St. Therese mentions the great need priests have of prayer, those who are holy, those who are lukewarm, but what of those who have walked away and are lost? She was no stranger to this experience: all of the nuns in her Carmel grieved over a French Carmelite priest who left the priesthood. St. Therese especially offered many prayers and sacrifices for his conversion.  She teaches us emphatically that all priests need our prayers, desperately. As one Body in Christ, each one of us is affected by the actions — good and bad — of all the rest. But we also all share in the graces each receives through prayer and sacrifice. This is the beautiful treasure of the communion of saints which we share in even now.

"When the priest is on the altar, he is always Jesus Christ on the cross." -- St. Bernadette Soubirous

As we celebrate this great feast of Christ the King, it would be well if we remembered in a special way those who have given their lives to ensure that we are able to receive the graces God intends for each one of us through the sacraments instituted for the Church through His Son, Jesus Christ. It would be well if we remembered to pray in a special way for those who have given their lives to ensure that each and every day, in every Church throughout the world, Christ is able to become truly and really present — Body, Blood, Soul, and Divinity — in the most Holy Sacrament of the Eucharist, to be present to each one of us in the most special way. By His own design, Christ can only be present in the Eucharist through the anointed hands of the priest. It would be well if we remembered and prayed for these men, and if we were mindful of our own responsibility to grow in holiness so that through our own example others may see that Christ is the Light of the World.

The Beauty Collective

Image of "Windflowers," by J.W. Waterhouse, courtesy of http://www.jwwaterhouse.com

Seeking Divine Beauty, by Rachel Balducci Faith and Family Live

Appreciating the Simple Moments, by Patrice Fagnant-MacArthur CatholicMom.com

Robert Downey, Jr. Asks Hollywood to Forgive Mel Gibson – Frank Weathers, YIMCatholic (The title doesn’t sound “beautiful” but this is a beautiful example of faith and forgiveness in action where we least expect it. Read it and be pleasantly surprised.)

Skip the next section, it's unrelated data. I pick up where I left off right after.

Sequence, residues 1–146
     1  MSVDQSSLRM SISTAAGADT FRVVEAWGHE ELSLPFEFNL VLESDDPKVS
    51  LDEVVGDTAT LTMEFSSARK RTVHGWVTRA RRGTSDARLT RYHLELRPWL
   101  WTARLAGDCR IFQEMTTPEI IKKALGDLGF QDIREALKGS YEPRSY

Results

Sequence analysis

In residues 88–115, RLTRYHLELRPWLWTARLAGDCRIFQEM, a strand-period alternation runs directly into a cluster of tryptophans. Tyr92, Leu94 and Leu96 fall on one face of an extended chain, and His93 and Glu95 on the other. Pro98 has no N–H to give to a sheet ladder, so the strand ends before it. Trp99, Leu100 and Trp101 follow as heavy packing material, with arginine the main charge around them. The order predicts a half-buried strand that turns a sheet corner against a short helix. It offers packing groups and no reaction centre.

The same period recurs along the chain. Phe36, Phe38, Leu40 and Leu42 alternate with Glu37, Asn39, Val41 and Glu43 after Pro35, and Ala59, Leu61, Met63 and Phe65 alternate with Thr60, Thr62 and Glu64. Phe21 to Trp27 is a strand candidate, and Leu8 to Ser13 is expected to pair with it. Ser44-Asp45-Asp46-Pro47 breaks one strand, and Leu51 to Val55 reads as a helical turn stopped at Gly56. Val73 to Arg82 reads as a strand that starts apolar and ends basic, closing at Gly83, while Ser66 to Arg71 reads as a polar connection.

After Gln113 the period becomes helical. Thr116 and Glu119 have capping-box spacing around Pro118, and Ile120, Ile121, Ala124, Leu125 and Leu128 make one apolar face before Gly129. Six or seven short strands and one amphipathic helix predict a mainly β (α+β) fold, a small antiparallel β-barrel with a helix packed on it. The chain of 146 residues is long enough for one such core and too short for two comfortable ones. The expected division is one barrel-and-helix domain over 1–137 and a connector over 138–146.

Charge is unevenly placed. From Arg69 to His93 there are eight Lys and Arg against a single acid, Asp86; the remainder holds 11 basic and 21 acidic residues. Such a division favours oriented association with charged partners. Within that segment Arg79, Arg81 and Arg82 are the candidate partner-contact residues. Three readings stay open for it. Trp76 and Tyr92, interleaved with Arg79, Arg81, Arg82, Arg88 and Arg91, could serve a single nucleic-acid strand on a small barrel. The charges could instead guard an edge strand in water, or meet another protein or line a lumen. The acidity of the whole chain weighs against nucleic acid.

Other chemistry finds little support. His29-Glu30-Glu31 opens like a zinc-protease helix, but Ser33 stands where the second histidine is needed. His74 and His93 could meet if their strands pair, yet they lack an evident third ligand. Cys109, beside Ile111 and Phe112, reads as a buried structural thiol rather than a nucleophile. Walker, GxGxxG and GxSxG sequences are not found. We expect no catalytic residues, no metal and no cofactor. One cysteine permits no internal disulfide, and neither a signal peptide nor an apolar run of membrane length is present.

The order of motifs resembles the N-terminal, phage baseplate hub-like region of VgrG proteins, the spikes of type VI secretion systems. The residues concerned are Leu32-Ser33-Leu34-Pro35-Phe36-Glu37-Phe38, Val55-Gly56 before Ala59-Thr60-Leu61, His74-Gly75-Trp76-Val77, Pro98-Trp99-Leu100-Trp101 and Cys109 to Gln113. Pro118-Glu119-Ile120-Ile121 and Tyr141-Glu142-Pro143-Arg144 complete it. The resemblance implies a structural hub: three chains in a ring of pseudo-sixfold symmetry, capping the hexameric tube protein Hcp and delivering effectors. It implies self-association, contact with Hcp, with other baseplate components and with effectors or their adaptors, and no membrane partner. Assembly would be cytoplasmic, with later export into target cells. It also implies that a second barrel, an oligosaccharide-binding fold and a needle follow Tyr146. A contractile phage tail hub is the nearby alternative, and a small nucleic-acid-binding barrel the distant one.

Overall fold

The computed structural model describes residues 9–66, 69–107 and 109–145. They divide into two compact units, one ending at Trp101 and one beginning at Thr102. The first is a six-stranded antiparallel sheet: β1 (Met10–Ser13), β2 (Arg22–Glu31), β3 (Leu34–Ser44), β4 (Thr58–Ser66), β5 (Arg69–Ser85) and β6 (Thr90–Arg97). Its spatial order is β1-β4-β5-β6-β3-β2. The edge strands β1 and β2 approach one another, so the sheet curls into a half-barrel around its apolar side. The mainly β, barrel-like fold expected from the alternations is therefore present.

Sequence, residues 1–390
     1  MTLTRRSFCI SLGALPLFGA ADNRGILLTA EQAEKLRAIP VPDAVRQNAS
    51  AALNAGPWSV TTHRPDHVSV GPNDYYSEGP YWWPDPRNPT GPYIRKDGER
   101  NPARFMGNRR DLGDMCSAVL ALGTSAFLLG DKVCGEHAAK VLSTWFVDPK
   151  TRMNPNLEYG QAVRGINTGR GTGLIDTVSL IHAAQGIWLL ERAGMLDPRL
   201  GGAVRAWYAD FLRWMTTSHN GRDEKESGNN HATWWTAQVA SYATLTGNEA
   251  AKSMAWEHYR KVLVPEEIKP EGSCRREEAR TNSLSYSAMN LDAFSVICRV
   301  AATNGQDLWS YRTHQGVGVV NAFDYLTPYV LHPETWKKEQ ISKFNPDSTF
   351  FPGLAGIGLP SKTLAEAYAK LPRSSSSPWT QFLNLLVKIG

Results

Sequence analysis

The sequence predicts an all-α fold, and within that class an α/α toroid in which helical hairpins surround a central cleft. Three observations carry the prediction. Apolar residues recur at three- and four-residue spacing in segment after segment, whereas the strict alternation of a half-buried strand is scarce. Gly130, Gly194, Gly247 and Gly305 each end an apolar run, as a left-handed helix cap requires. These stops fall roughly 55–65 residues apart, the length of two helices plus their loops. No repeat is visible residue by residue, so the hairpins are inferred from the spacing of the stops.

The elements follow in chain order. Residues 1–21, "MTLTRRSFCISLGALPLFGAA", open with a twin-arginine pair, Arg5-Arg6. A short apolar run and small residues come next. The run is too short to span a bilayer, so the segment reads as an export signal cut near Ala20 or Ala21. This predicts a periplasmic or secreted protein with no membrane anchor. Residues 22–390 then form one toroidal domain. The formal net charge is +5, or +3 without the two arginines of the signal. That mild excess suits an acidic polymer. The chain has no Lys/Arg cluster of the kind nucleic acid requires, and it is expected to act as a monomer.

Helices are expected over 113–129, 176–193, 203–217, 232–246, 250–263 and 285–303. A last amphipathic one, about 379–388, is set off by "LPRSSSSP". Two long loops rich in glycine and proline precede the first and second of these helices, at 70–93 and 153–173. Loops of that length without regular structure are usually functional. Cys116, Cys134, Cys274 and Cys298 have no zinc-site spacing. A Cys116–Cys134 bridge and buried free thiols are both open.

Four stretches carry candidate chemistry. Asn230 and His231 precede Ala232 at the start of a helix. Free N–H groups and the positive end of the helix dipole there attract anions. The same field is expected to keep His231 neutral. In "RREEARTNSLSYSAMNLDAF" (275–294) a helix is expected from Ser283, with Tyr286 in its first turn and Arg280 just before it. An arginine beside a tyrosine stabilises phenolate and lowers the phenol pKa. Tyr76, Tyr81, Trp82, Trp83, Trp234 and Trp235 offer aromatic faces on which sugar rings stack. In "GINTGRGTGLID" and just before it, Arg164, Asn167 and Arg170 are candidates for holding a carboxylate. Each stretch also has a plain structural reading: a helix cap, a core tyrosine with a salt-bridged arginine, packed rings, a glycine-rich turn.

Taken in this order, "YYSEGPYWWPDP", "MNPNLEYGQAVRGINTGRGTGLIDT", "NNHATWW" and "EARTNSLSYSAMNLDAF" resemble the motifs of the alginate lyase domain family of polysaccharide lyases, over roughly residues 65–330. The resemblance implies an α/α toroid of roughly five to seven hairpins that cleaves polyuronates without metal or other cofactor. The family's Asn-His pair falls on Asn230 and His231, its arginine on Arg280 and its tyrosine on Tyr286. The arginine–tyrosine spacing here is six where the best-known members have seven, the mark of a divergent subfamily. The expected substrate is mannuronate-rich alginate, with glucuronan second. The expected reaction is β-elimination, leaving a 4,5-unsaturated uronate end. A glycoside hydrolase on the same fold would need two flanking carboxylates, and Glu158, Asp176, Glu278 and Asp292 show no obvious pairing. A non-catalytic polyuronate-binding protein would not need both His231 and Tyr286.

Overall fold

“Once Upon a Time” and the Ethics of Elfland, by Matthew at By Way of Beauty

Beauty Is Objective, by Marc John Paul, Bad Catholic

4 Tips For Effective Mothering From Blessed Zelie Martin, by Meg Matenaer CatholicMom.com

St. Therese’s Teacher: Our Lady of the Little Way, by Fr. John Saward, Pastoral and Homiletic Review

St. Teresa of Jesus (Avila)

Today the Church celebrates the feast of St. Teresa of Jesus, also known as St. Teresa of Avila. She has long been a favorite of mine and is the namesake of my dearest sister, St. Therese of Lisieux. They share a refreshing sense of humor, down-to-earth practicality, and great confidence in God and love for Jesus, all of which I need to deepen in my own life. And apart from that, St. Teresa is the patroness of headache sufferers, which I experience chronically.

In case you don’t know much about this beautiful sister in faith, Benjamin Mann wrote this well-researched and lively article in recognition of her feast for the National Catholic Register. Its definitely worth the few minutes it will take to read and you might just find a new friend in heaven to walk the journey with you in the process.

Words to live by………….

Let nothing trouble you, let nothing make you afraid. All things pass away. God never changes. Patience obtains everything. God alone is enough. Dream that the more you struggle, the more you prove the love that you bear your God, and the more you will rejoice one day with your Beloved, in a happiness and rapture that can never end. . . Hope, O my soul, hope. You can know neither the day nor the hour. Watch carefully, for everything passes away quickly, even though your impatience makes doubtful what is certain and turns a very short time into a long one. — St. Teresa of Avila